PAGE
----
I mean, what would I really miss? A workout? I could run. Fun? Yeah, not so much. Hanging out with friends? None of my friends had bikes anyway. I could honestly say that I wasn't missing out on much. But rationalizing and calling it logic or no, I knew deep down I was making excuses. Truth was, I was giving up on a thing I'd previously wanted to do.
I was never too embarrassed that I didn't learn to ride a bike, and the older I got the less it came up. It was a self-deprecating story to tell. The story of how I gave up. It'd come up casually then someone would ask, "What? You really don't know how to ride a bike?" And I'd respond, "Funny story! I was eight, and I still have the scar..."
San Antonio, in an effort to offset the amazing, over-indulgent food and slow pace the city offers, instituted a bike sharing program downtown. And for the first time in my life, I've felt a little left out in my inability to join the crowd. So, at thirty-three, I bought a bike. 24", pink, mountain with a low back and shocks (might be the first pink thing I've willingly owned). I went out for the first time in over twenty years last weekend. I went out again today.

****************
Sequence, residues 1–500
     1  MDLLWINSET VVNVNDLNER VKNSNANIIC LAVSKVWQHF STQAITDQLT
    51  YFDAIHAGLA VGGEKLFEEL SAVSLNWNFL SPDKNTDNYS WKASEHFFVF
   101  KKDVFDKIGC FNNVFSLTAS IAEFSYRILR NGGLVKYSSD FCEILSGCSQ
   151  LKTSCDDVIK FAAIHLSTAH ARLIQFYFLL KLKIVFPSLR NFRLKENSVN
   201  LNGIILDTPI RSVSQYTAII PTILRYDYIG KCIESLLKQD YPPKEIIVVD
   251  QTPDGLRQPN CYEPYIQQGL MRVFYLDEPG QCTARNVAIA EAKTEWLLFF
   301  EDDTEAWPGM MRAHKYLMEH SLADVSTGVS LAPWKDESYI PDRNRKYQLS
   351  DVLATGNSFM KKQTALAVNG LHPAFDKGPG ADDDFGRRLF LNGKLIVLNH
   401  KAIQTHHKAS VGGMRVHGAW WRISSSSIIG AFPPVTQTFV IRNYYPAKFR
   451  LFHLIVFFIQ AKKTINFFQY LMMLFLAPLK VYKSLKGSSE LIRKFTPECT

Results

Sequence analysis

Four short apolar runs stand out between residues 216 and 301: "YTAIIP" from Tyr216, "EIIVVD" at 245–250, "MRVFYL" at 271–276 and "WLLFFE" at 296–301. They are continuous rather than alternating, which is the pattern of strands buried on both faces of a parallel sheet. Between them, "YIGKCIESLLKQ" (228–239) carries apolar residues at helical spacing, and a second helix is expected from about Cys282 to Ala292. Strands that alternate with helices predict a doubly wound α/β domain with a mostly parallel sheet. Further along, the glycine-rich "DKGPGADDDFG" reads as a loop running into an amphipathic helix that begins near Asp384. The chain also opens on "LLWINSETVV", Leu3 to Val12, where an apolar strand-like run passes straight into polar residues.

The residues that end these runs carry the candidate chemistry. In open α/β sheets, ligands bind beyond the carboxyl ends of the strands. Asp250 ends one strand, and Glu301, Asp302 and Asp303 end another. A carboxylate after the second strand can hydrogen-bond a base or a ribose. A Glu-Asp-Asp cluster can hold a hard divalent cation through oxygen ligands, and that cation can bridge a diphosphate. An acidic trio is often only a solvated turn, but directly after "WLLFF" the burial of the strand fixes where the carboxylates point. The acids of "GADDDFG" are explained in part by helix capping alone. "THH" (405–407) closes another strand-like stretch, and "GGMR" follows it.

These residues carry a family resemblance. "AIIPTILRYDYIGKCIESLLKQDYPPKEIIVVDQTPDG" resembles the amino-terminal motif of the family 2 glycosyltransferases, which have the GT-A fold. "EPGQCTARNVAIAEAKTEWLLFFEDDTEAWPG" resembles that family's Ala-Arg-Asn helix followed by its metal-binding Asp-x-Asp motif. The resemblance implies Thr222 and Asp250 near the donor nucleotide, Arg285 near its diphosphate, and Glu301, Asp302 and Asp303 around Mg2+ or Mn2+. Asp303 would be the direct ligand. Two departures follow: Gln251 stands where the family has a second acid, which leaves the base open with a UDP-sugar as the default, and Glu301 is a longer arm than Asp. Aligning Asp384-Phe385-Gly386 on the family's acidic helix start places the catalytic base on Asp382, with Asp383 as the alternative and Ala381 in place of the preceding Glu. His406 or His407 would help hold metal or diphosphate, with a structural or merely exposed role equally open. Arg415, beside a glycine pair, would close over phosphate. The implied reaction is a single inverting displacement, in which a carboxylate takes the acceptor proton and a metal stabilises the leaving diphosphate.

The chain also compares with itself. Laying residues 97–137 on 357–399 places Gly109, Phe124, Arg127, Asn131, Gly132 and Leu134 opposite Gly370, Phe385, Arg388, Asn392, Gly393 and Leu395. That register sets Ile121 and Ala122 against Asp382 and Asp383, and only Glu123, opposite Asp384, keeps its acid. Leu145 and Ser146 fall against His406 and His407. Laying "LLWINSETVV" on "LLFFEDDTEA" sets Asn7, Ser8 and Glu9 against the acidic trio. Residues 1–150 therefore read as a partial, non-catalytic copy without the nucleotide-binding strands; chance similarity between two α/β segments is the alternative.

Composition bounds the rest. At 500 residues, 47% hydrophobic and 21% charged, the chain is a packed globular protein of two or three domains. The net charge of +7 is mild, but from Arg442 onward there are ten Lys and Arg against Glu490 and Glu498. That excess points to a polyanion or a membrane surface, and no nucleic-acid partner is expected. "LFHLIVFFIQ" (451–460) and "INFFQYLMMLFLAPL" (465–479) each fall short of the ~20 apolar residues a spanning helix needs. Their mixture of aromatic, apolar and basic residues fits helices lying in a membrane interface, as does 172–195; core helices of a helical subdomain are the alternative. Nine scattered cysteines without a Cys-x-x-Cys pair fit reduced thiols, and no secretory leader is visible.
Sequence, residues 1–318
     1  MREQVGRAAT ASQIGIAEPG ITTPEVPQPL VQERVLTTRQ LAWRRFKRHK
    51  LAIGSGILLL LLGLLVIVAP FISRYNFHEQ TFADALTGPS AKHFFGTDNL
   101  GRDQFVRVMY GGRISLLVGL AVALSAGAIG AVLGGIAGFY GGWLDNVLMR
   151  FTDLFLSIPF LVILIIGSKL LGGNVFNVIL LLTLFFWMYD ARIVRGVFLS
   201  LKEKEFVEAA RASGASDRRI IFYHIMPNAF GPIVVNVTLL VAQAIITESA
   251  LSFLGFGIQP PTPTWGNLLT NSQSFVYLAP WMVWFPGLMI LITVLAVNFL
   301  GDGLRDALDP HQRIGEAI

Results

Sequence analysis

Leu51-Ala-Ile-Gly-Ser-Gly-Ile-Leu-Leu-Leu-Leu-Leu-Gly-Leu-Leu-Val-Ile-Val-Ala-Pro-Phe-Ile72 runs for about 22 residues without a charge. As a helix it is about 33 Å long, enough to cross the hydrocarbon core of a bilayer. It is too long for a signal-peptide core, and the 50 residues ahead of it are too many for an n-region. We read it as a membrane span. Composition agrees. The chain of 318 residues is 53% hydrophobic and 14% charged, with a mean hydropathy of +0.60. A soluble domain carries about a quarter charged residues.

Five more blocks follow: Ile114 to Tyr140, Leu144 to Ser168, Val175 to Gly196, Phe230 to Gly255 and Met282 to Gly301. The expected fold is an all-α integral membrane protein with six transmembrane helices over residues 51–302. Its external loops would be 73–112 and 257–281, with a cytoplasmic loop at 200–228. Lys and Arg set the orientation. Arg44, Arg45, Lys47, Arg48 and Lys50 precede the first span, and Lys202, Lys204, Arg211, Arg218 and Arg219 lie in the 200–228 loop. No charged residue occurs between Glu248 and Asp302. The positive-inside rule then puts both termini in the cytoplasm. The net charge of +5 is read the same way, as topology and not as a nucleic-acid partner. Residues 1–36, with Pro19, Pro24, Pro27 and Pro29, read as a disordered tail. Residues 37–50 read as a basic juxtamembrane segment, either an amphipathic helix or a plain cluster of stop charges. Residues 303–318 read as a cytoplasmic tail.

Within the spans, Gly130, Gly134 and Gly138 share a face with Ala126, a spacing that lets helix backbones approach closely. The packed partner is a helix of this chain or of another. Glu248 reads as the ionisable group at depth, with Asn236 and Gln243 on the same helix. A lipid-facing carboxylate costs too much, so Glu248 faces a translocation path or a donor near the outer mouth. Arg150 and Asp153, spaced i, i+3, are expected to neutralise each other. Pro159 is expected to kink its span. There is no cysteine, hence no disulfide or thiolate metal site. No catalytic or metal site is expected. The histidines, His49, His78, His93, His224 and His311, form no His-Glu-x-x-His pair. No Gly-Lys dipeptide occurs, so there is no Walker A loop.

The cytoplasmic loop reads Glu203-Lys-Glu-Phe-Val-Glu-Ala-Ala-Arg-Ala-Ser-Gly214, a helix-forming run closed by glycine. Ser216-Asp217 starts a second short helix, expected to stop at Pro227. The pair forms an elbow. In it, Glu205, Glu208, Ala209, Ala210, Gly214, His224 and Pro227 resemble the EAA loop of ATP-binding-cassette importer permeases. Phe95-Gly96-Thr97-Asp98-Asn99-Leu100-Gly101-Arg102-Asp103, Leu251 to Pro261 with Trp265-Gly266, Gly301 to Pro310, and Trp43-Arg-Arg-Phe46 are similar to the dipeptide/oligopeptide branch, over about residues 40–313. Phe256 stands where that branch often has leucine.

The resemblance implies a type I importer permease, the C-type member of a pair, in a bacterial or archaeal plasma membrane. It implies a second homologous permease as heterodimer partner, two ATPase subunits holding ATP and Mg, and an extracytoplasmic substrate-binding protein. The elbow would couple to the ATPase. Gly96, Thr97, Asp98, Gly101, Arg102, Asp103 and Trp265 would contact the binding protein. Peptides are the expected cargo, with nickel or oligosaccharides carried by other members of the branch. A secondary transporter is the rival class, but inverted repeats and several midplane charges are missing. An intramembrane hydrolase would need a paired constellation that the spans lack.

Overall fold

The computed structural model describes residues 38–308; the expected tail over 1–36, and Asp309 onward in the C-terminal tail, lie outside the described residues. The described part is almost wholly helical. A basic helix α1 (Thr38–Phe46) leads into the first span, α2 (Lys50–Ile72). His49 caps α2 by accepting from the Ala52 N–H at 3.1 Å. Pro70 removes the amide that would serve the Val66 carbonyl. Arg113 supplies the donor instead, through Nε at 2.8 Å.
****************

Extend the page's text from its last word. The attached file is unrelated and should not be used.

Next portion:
|How I roll now|
Who'd have thought? I'm working on my turns after having decided to never get back on the bike, that the thing has defeated me. Might seem silly, but in this woman's world, it's encouraging. If I can ride a bike, I can do something I told myself I couldn't.
Speaking of which, I am getting close to completing my novel, which is another thing I couldn't stop telling myself I couldn't do. No, I thought, I'd get sidetracked. I work two jobs; I have too much to do; I don't have time for such a concentrated effort; I don't have the attention span; I don't have the story. Go figure. Now I do.
I'll be posting updates about future writings and the novel soon. In the meantime, I'll be working and riding. Have a beautiful week!